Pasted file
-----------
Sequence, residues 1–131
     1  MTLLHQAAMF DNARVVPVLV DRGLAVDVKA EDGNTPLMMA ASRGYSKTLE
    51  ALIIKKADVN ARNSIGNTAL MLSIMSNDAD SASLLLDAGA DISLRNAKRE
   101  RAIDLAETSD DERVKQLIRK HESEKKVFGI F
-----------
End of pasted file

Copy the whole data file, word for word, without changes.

Sequence, residues 1–131
     1  MTLLHQAAMF DNARVVPVLV DRGLAVDVKA EDGNTPLMMA ASRGYSKTLE
    51  ALIIKKADVN ARNSIGNTAL MLSIMSNDAD SASLLLDAGA DISLRNAKRE
   101  RAIDLAETSD DERVKQLIRK HESEKKVFGI F